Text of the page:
There are many pros IF homeschooling is approached in a good way: kids are less influenced by other people who have as little of a clue as they do, they get to go their own pace, they get one-on-one attention when needed, they have more time to be kids, they tend to be more mature as teens, tend to be more self-directed, don’t have a problem doing things with various ages and genders (that’s just how homeschooling activities tend to be!) and more. Those saying that homeschoolers’ social skills will be limited don’t seem to realize just how many parents make a point to get out and do things regularly; that instead of sitting a desk and having permission to interact here and there and at recesses, homeschooled kids get large blocks of time of continuous interaction with others. Also, homeschooled kids tend to be involved in more activities than do their public schooled peers.
Cons: the people who don’t know enough about homeschooling and trash it.
The cons are- not every child thrives in the home learning enviornment some need the competivness of the class, the general population may think you are nuts and your child weird if he doesn’t behave and dress like a public school clone, it usually means sacrificing one income. (but it allows you to raise and teach your own children-isn’t that worth it?)
You have to be diligant, organized and creative to provide a rounded education, (or just buy a packaged curriculum and follow directions) Another thing, there is a very small percentage of homeschoolers who do not educate their children at all and some that abuse them out of sight of the public eye. These are rare but do hit the media.
Homeschooling is a growing movement. It is becoming oraganized and is being increasingly recognized as an educational option. Personally, I don’t remember anything I learned in school other than how to read and basic math. Everything else I know I learned on my own.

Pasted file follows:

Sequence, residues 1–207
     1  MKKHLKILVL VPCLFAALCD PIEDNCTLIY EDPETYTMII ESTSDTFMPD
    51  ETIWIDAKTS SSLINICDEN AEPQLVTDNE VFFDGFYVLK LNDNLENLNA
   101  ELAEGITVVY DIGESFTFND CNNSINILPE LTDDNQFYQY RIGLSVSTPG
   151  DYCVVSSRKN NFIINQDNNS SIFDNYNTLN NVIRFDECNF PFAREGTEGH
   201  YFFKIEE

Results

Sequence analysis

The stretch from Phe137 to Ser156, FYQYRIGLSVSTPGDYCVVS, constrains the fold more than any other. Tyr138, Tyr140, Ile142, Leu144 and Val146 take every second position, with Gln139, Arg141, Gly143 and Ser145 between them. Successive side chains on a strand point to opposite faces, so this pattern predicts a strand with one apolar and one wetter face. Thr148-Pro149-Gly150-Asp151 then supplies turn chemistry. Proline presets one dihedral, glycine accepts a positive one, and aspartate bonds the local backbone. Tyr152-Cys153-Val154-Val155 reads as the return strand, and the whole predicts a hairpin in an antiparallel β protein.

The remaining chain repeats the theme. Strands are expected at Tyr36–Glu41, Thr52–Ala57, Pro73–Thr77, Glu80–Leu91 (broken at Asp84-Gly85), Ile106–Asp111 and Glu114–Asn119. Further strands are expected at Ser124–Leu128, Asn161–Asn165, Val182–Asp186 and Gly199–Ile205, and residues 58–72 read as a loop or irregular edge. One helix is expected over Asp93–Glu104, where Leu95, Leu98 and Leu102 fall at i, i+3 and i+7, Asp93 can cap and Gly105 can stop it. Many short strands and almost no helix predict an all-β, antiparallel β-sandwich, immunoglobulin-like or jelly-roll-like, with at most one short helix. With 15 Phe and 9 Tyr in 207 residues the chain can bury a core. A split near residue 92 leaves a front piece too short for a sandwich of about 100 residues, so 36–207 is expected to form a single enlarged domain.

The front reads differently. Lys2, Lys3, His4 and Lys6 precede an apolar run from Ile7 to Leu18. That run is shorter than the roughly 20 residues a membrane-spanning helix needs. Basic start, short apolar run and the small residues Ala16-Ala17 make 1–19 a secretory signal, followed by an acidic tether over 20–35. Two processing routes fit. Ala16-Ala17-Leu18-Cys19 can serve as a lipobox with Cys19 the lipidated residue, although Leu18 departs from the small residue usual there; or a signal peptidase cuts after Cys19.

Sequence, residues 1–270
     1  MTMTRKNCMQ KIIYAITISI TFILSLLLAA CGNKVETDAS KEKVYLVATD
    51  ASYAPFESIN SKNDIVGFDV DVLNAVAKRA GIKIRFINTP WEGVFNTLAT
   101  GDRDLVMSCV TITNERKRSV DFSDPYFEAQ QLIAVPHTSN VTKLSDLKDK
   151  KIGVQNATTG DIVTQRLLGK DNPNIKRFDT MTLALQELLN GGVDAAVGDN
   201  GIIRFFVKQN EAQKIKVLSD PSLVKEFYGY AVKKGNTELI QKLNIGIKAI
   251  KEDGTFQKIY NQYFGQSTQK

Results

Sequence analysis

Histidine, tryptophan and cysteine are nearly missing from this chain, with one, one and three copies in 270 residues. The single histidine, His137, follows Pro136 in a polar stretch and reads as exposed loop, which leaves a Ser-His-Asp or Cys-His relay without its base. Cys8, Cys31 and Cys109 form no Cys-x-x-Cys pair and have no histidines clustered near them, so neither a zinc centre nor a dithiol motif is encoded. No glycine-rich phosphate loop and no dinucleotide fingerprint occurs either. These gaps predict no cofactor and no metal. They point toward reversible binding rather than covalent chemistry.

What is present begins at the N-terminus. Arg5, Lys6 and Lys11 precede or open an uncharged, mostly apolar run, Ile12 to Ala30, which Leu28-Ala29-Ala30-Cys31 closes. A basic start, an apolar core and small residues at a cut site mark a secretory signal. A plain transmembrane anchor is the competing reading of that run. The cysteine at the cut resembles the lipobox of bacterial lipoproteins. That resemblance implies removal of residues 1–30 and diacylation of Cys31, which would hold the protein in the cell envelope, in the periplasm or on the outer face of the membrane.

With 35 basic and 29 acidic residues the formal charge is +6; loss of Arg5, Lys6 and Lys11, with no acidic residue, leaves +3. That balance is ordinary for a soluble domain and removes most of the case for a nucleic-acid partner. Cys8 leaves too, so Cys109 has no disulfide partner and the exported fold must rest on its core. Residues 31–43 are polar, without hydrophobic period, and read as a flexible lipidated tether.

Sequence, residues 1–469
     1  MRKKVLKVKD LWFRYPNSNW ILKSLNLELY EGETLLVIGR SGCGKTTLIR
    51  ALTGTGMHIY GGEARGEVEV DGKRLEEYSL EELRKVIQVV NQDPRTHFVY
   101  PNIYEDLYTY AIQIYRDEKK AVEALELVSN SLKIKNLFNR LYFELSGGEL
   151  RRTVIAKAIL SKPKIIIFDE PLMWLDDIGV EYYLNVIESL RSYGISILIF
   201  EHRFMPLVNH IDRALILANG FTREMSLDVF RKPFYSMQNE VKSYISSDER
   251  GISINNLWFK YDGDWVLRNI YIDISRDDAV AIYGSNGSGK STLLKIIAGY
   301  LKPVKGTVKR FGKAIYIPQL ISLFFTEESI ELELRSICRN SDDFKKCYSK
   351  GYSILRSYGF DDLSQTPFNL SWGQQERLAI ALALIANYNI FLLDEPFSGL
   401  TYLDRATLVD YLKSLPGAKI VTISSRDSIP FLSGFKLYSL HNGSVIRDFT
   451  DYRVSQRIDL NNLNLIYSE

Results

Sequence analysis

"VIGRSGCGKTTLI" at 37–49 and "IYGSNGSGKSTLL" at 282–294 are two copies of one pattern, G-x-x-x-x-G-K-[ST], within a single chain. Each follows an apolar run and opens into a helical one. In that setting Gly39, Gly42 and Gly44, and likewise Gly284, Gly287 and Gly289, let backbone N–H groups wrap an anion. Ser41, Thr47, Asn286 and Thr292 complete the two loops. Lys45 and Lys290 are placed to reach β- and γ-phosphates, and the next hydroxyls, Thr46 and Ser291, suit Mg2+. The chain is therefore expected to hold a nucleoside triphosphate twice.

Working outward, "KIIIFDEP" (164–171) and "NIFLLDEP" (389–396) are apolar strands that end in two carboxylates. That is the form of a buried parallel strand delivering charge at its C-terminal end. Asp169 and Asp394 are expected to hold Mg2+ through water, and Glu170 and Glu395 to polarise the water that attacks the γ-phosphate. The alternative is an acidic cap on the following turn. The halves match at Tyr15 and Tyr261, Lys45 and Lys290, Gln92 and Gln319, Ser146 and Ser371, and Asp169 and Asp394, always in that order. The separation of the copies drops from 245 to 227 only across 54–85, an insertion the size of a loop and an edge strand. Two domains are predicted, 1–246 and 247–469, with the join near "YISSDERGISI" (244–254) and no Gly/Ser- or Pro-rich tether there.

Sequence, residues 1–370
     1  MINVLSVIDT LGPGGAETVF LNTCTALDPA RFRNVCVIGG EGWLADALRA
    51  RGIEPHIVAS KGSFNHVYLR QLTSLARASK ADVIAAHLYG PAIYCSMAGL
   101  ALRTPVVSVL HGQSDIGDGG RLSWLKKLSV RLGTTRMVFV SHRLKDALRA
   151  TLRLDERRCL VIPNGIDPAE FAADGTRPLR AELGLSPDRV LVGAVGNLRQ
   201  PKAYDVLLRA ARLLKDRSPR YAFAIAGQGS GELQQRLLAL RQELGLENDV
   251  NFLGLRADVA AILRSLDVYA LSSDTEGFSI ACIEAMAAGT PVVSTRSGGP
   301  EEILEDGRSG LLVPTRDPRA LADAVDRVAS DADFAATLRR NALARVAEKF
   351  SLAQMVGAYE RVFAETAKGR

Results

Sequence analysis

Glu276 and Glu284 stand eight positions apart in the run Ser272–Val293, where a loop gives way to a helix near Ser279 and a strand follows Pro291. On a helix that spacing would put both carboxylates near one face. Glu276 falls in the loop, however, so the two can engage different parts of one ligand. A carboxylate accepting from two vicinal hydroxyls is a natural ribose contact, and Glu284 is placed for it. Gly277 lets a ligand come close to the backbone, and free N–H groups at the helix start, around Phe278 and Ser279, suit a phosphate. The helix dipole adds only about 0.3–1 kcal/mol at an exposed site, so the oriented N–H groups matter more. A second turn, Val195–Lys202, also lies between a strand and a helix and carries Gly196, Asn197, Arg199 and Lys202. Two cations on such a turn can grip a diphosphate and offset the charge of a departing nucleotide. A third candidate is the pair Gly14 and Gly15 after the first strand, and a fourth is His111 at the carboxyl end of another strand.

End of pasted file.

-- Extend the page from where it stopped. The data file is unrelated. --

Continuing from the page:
Homeschooling methods vary:
1) school at home – parents replicate the school experience complete with school books/textbooks.
2) eclectic – whatever methods that help the child to learn are used.
3) unschooling – child led learning in which the child studies/learns about things that interest him or her.
4) online home education – classes are done via a CD, DVD, or interactive computerized website.
The above arre just a few of the different homeschooling methods; there are others.
The pros are that one can teach to the child’s learning style whether it is visual, auditory, or kinesthetic/tactile. Another pro is that the child does not have to wait for his classmates to move on to another stage of learning; he can move forward at his own pace. There are also many opportunities for learning via community classes, activities, resources, etc.
I don’t see any cons as there are also many opportunities for one’s child to be with other children outside of traditional school, i.e., park district activities, church , homeschooling support groups, play groups, etc.
It is impossible to tell you all that I know, altough I have only homeschooled for less than a year. I am constantly reading/learning abtout the best way to teach my first grade son.
I hope this is helpful.
It does take alot of time and effort though!
I will tell you that it is the practice of educating children in the loving envorinment of home and family.
It can’t be narrowed down to one method, or one schedule, or one curriculum. The beauty of homeschooling is that it can be tailored to suit the student, the teacher, and the family as a whole. So every homeschool is a little different.